Huge debts, shallow job market and lack of support leave fresh graduates in a lurch in Qatar
- JustHere Qatar
- On June 25, 2014
The job market in Qatar is not an easy one to navigate for fresh graduates. Expatriate students find it difficult to bag a suitable job, and many have large debts to pay off; while Qataris say the Qatarisation policy is not always an advantage, writes Maimoona Rahman.
Class of 2014 had about 2,175 graduates from Qatar Foundation, Qatar University, and College of the North Atlantic-Qatar combined, with other universities like University of Calgary and Stenden University Qatar adding some more to the figure.
While some fresh graduates are already employed, others are actively seeking employment, a process that for most starts while still at university.
Most universities in Qatar have coordinated internship programmes with various companies across the country, and internships are a graduation requirement for some programmes. Regetha Regunath, a recent graduate of Texas A&M University at Qatar, recounts that her hunt for internships was mostly a pleasant experience, especially because TAMUQ was supportive. The Student Engineers’ Council, in conjunction with the Academic Services Office at TAMUQ, organise career fairs and networking events annually that bring together a range of oil and gas companies looking to recruit graduates and hire interns. Regunath says, “A lot of internships are acquired this way,” and goes on to further praise TAMUQ for starting HireQatar, an online career portal where students can apply for listed vacancies.
Ismat Zerin, a student of Stenden University Qatar, says that her university arranges for students to intern every semester, and although the university does not provide any further career services, these internships go a long way in helping students secure employment. But, Sarosh Sohail, a recent graduate from the College of Business at Qatar University, laments that such coordinated internships can often backfire. She explains that companies usually hire student interns because of a contract or partnership with a university, but when it comes to training interns, they are indifferent. She also says from personal experience that some companies do not even reply to emails from hopeful interns even if they have a partnership with the university.
“Sometimes regret going to QF and paying so much money for an education that doesn’t have much value in Qatar job market.”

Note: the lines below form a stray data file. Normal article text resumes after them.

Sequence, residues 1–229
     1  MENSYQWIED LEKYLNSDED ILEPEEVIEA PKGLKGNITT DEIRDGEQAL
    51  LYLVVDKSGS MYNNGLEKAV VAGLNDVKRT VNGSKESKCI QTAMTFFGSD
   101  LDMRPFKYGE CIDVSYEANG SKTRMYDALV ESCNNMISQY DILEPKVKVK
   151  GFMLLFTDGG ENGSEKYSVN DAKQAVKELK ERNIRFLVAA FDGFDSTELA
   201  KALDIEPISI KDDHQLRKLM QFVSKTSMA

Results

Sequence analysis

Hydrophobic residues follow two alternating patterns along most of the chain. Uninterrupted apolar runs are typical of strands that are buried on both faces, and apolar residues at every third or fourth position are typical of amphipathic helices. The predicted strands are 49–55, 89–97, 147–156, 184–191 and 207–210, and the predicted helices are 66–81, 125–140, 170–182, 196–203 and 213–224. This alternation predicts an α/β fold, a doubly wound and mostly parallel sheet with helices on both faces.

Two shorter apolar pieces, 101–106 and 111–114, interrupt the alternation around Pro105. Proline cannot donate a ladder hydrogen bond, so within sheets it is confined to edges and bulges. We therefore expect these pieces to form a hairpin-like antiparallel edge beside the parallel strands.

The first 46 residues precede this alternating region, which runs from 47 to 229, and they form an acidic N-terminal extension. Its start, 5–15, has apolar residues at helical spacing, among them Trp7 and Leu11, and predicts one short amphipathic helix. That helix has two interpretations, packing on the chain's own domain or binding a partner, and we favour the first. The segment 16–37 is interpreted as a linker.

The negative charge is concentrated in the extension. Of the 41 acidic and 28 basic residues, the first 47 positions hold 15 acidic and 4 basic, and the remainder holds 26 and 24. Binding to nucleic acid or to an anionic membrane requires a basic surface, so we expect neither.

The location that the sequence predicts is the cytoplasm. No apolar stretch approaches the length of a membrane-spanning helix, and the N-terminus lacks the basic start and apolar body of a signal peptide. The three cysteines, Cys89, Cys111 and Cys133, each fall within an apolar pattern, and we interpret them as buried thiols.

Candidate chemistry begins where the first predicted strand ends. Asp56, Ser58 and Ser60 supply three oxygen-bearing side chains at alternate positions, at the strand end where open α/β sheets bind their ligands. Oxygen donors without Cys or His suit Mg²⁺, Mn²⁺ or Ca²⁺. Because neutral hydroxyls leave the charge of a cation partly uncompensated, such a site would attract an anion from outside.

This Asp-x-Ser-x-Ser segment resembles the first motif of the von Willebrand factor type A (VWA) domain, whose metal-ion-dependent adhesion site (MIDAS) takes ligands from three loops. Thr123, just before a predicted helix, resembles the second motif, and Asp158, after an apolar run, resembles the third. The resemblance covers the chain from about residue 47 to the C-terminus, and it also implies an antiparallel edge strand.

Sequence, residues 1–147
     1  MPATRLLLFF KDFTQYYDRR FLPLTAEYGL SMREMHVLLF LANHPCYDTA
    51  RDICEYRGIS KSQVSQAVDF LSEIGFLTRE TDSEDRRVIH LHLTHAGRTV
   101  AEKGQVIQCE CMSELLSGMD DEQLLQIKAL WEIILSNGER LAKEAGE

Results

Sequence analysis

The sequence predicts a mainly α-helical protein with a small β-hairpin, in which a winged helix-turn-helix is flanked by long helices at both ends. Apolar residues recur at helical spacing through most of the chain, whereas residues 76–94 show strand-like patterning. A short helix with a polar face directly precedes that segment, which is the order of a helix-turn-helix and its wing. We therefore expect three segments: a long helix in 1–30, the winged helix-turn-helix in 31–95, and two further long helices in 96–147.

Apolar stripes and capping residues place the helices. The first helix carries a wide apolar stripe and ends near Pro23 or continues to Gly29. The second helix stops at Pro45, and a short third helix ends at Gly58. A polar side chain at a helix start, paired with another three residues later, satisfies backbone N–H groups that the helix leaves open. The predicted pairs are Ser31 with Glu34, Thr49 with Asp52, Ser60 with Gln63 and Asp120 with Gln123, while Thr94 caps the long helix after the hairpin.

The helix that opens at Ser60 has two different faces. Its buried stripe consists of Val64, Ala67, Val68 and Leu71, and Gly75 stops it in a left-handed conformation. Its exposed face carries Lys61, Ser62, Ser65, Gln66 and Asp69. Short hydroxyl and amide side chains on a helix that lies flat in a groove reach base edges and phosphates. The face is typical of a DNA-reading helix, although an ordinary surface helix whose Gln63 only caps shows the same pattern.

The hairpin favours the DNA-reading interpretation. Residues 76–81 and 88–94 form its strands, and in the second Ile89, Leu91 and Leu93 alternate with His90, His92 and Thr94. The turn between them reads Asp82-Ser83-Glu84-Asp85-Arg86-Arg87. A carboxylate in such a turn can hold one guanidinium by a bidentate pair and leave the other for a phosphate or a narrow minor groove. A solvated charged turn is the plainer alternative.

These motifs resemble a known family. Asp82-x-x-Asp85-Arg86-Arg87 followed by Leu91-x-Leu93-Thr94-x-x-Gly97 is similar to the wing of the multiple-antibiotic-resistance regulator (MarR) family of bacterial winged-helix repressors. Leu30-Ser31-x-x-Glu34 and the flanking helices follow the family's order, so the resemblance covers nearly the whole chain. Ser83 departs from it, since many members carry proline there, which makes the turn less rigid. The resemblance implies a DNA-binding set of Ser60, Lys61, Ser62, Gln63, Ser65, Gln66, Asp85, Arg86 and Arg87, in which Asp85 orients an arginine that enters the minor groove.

The opportunities internships present with respect to employment are not equal. One TAMUQ graduate from the class of 2010 and a current employee of RasGas had to wait almost a year for the right job although she had interned at several companies as an undergraduate. She was worried that she, like some of her peers, would settle for jobs with either a compromised salary or a job title that did not do justice to her degree. She says that almost every relevant exhibitor at the Qatar Career Fair had turned her away “because they were hiring only Qataris,” and only a handful of companies were polite enough to file her résumé.
Qatarisation, the flip side
One common complaint among expatriate students is that while their hunt for internships and employment lasts longer, Qatari students easily find both in oil and gas industries and ministries. Qatarisation aims to have a fifty per cent national workforce in the energy and industry sector, but Mahmoud Hammad (name changed) says Qatarisation is not exactly working for Qataris the way non-Qataris imagine. He says that when he interned at Vodafone as an undergraduate, his supervisor and trainer never trained him or assigned him tasks. “Non-Qatari interns were not treated like that,” he said. According to Vodafone’s Instragram, they hope to be the “most admired workplace for Qataris,” but when Vodafone offered Hammad a job immediately after he graduated, he turned it down because he wanted to actually work. His Qatari friend quickly quips, “some employees, especially non-Qatari Arabs, feel threatened that young Qataris will take their jobs, so they do not train us.”
Arij Bouajila, Unit Head of Employer Relations in the Career Services Centre at Qatar University, believes that Qatarisation does not deserve a bad rap among expatriate students. Currently 75 companies have teamed up with Qatar University, and Bouajila says that while they will hire Qataris where they can, they will never run out of jobs for non-Qataris. “Look at any company,” she says, “and tell me how many Qataris and non-Qataris you see.”
Most top companies now approach universities to nominate graduates for vacancies. Bouajila says this is a year-round process. Universities at Education City and Qatar University organise on-campus interviews making it easier for students and recent graduates to not just secure employment but also to network.
Paying off huge debts vs finding the right job